Dr. Karen Kassebaum
With 10 years of experience in higher education at a Division I institution as a Director of Recruitment, and as a doctoral candidate at the University of Nebraska in Educational Administration with an emphasis in diversity and student athlete leadership, I have all too often witnessed the transitional challenges that many first generation, international, and transfer student-athletes experience.
Several coaches have commented that mentoring just happens and “our seniors will lead and take care of our young guys”. My position in a bystander role fueled me to take a closer look at the transition experiences of all incoming students-athletes and to create curriculum and assessments tools that would demonstrate whether incoming student-athletes’ transition needs we’re indeed being met.
I contacted every Division I Big Ten institution to inquire whether mentoring services and or mentor training related to transition services were offered to their student-athletes. I discovered that most Division I institutions do indeed have mentoring programs, but the majority of them only focus on specific groups of student-athletes. Two examples include only mentoring honor student athletes and racially diverse student-athletes. Most, also offer tutoring, media training, career planning & development, life skills programming, academic mentoring, strength & conditioning, athletic medicine & physical therapy, sports psychology & mental health counseling, sports nutrition, chiropractic medicine, and massage therapy.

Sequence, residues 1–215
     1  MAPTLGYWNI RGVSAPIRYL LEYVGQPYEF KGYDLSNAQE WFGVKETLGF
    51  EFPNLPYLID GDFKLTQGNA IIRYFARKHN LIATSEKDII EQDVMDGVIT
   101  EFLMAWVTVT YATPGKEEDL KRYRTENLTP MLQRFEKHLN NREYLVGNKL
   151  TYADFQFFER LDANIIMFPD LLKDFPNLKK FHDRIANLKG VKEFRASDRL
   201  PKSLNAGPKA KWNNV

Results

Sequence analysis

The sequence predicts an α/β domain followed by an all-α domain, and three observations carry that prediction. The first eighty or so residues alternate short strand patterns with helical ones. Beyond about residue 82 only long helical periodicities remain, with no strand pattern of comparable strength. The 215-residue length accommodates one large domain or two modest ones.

These responses formed the initial impetus for Athlete2Athlete, a unique, comprehensive initiative aimed specifically to address transition experiences. After securing an internship with the University of Nebraska Track & Field/Cross Country teams, Coach Matt Martin, Da’Nelle Earl, and coach Kris Grimes (at Texas A&M) gave me the opportunity to pilot my mentorship training and leadership development program, now known as Athlete2Athlete, with their Life Skills leaders.